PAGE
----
Cholesterol Induces Oxidative Stress, Mitochondrial Damage and Death in Hepatic Stellate Cells to Mitigate Liver Fibrosis in Mice Model of NASH

Einat Rauchbach, Haim Zeigerman, Diana Abu-Halaka, Oren Tirosh*

*Corresponding author for this work

Research output: Contribution to journalArticlepeer-review

7 Scopus citations

Abstract

Liver fibrosis and its end-stage disease cirrhosis are major world health problems arising from chronic injury of the liver. In recent years, the hypothesis that hepatic stellate cells’ (HSCs’) activation and fibrosis can be mitigated by HSC apoptosis and cell death has become of interest. In the current study, we evaluated the effect of cholesterol and bile acids on HSC apoptosis and liver fibrosis. Male C57BL/6J mice (wild type), aged four to five weeks, were fed an AIN-93G based diet (normal diet, ND), ND diet + 1% (w/w) cholesterol (CHOL group), ND diet + 0.5% (w/w) cholic acid (CA group) or ND diet + 1% (w/w) cholesterol + 0.5% (w/w) cholic acid (CHOL + CA group). Female Mdr2(-/-) mice were also treated with ND with and without 1% cholesterol. The effect of cholesterol on liver fibrosis and als treated with cholic acids, increased lipid peroxidation and fibrosis were observed after six weeks of treatment. However, addition of cholesterol to the diet of C57BL/6J mice led to HSC-specific apoptosis and resolution of liver fibrosis, verified by double-staining with active caspase and α smooth muscle actin antibodies. In Mdr2 (-/-) mice, a diet supplemented with cholesterol corrected fibrosis and induced active hepatic stellate cells’ clearance. HSC-T6 were found to be much more sensitive to cholesterol-induced oxidative stress, mitochondrial damage and apoptosis compared to hepatocytes. These results indicate that cholesterol may be a trigger of HSC lipid peroxidation and death in the liver in a model of non-alcoholic steatohepatitis. A high cholesterol-to-bile acid ratio may determine the trajectory of the liver disease toward mitigation of fibrosis.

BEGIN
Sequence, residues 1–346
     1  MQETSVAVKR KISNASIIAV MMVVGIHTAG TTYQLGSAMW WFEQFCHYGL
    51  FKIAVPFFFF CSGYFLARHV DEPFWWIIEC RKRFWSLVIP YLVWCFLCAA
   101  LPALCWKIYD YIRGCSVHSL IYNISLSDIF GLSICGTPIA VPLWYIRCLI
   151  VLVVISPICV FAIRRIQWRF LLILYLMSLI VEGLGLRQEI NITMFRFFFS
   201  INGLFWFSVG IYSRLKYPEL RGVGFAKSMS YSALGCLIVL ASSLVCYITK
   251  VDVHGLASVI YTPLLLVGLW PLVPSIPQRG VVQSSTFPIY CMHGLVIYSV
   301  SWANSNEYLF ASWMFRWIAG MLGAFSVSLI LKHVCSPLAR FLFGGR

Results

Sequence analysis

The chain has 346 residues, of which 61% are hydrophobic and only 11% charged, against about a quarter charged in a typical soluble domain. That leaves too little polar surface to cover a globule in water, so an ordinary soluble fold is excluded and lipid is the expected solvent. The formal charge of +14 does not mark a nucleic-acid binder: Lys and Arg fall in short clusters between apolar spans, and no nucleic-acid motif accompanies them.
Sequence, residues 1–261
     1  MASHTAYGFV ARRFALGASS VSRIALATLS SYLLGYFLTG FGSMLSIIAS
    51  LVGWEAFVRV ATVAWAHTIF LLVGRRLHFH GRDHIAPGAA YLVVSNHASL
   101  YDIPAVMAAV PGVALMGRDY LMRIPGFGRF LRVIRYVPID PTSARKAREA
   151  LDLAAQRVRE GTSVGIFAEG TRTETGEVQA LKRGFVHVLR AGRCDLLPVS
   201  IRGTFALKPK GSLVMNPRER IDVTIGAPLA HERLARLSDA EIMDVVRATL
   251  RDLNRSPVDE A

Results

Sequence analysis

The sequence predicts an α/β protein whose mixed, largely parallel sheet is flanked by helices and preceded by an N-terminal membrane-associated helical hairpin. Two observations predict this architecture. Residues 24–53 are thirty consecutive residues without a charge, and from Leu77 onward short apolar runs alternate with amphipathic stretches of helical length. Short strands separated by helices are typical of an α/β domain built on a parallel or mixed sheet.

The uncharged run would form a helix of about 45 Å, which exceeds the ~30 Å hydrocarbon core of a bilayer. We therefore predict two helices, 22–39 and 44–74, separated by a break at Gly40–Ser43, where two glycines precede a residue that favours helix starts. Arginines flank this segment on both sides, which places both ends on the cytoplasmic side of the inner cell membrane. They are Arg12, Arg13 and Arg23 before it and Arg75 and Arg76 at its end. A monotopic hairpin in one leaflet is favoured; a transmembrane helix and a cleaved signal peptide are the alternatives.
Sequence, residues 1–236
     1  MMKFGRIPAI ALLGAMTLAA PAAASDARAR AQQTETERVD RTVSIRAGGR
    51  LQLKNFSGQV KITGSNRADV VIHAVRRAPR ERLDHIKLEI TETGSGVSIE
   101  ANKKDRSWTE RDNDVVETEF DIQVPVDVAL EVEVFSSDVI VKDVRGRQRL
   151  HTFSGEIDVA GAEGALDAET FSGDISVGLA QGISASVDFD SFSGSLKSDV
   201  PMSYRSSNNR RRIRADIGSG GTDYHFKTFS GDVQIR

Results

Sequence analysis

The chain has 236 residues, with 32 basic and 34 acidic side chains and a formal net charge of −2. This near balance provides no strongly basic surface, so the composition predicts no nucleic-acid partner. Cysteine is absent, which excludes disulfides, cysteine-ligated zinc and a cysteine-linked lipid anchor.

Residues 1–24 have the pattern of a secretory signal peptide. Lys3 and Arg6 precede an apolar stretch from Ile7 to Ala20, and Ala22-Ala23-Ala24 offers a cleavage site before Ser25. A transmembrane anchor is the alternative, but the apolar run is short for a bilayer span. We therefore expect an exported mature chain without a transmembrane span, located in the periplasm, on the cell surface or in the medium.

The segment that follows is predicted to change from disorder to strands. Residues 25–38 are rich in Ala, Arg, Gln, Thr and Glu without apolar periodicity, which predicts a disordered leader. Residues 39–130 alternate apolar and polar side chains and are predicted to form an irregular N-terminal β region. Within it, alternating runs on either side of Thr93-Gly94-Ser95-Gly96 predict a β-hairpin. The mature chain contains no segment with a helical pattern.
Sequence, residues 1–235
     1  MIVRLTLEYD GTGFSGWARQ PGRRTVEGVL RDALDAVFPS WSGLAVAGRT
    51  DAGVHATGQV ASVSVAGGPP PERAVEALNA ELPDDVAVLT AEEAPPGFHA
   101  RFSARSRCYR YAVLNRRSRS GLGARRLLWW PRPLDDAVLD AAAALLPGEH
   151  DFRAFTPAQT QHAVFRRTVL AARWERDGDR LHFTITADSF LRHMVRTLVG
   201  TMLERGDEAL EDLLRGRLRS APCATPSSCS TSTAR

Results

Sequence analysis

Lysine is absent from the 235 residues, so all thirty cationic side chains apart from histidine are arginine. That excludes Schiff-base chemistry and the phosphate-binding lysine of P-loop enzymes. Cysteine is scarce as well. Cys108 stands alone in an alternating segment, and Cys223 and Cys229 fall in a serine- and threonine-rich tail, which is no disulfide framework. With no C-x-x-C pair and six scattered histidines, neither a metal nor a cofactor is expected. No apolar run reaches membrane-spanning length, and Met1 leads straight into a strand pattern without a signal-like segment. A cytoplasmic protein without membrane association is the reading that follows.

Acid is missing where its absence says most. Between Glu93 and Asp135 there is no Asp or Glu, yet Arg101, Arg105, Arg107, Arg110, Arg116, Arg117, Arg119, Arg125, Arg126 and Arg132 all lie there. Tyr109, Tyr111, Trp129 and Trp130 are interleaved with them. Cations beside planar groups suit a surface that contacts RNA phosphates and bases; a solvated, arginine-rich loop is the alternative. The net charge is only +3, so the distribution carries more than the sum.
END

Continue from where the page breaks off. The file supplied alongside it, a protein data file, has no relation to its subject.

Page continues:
Original languageAmerican English
Article number536
JournalAntioxidants
Volume11
Issue number3
DOIs
StatePublished - Mar 2022

Bibliographical note

Publisher Copyright:
© 2022 by the authors. Licensee MDPI, Basel, Switzerland.

Keywords

  • Fibrosis
  • Lipid peroxidation
  • Liver disease
  • apoptosis

Fingerprint

Dive into the research topics of 'Cholesterol Induces Oxidative Stress, Mitochondrial Damage and Death in Hepatic Stellate Cells to Mitigate Liver Fibrosis in Mice Model of NASH'. Together they form a unique fingerprint.

Cite this